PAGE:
In 2016, democracy made something of a comeback. First, in the UK, the British public voted to leave the European Union and overturn 40 years of integration with the European continent in a tightly fought referendum. Then, in the United States, a populist reality TV host stunned all pollsters to become president. Both results shocked the public and establishment alike. Those who believed that there was no alternative to the international liberal consensus were beaten on both counts by the oldest of democratic instruments: the vote.
While policymakers and political pundits across the world have since rediscovered the power of democracy, the same cannot be said of the tech industry. Everywhere, the narrative of unstoppable technological progress continues.
However, there are good reasons to expect that Silicon Valley will also face a reckoning over the next decades, if not in quite so sudden a way. The driverless car industry, for example, faces important roadblocks in the political sphere which could quite easily derail the efforts of the entire industry.
“The problem isn’t technology, it’s legislation” Renault-Nissan CEO Carlos Ghosn, June 2014.
Despite the rhetoric of innovators, the automotive industry is structurally different to other consumer industries, where politicians interfere only to tackle rare excesses: corruption, cartels and unethical practices.
The automotive industry is highly regulated, meaning that the boundaries between business and the state are especially weak. Where this is the case, voters can and do expect to influence corporate behaviour, even if traditional economics suggests that this would be counterproductive. A number of industries fall into this category.
In recent weeks, for example, the British government has announced that it will cap energy prices to prevent ‘excessive’ charges from energy providers. Historically, it has been impossible to replicate this kind of policy in the tech industry (imagine the price of a Macbook capped at under £1000). But, as entrepreneurs have turned towards public services and regulated industries, the scope for democratic involvement in business has expanded.
An Apathetic Revolution?
So how likely is it that driverless cars will feel the force of political discontent? According to some public polling: not very likely at all. Research by Auto Trader in the UK shows that some 49% of people have little to no knowledge of driverless cars – so little, in fact, that they have formed no opinion on the subject. Only 21% of those questioned knew what a fully autonomous car was.
Although this suggests that manufacturers need not worry about political opposition, apathy is a problem in its own right. Like smartwatches and smart meters, driverless cars are yet to capture the imagination of most consumers, a fact which might derail the project in an entirely different way. It is quite conceivable that industry big-wigs might have to engineer demand for their new products, as the energy sector is currently doing for smart meters.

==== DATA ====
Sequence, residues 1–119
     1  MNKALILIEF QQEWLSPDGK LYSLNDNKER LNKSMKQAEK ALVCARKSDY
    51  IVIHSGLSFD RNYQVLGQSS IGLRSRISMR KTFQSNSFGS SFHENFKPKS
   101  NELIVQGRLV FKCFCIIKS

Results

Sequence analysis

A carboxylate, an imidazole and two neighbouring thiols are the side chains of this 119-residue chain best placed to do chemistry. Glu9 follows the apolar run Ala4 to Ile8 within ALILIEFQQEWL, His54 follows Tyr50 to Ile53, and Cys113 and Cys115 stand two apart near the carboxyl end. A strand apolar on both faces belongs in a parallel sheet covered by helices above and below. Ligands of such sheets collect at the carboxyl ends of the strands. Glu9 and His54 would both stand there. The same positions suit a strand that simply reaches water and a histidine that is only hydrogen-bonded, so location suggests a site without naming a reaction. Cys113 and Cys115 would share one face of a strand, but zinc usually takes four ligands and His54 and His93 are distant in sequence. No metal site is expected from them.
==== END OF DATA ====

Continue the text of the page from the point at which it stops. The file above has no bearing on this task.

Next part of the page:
However, politics is often as far behind technological change as regulation. To borrow from Gartner’s ‘hype cycle,’ new technologies only become more widely adopted after they have passed the peak of inflated expectations and traversed the quagmire of general disillusionment.
Driverless technology is fast travelling from the former to the latter, but wider adoption – what Gartner calls ‘the slope of enlightenment’ – remains some way off. When driverless cars reach this stage, however, three democratic challenges will undermine further progress.
Money, Money, Money
The first of these is money. For all the attention given to money in popular culture, the cost of implementing driverless cars has largely slipped under the radar. Unlike normal vehicles, driverless cars require a wholly different road infrastructure.
To ensure that they stay in lane, governments will have to oversee the transformation of road surfaces or, at the very least, deploy magnets along roadways to relay the position of other cars to each moving vehicle. The cost to introduce this new system could be enormous: starting at $10bn in the USA for the most basic solution.
Other costs abound. In order to properly navigate complex urban environments, municipal governments will have to invest heavily in mapping, a cost which is currently unquantified.
Finally, national governments will have to overhaul their systems for planning, driver registration and vehicle safety. None of these issues has received due attention, largely because they lack the inherent sexiness of new technology. But each of them will consume billions of dollars of taxpayers money.
In a time of squeezed living standards where increased government borrowing and privately-funded infrastructure have fallen out of favour, it is likely that revolutionary changes to global infrastructure will be opposed from all quarters. Driverless cars could be run off the road.
In Whose Interest?
Secondly, driverless cars pose existential questions for several important interest groups. By some accounts, there are 10m Americans employed in industries related to driving.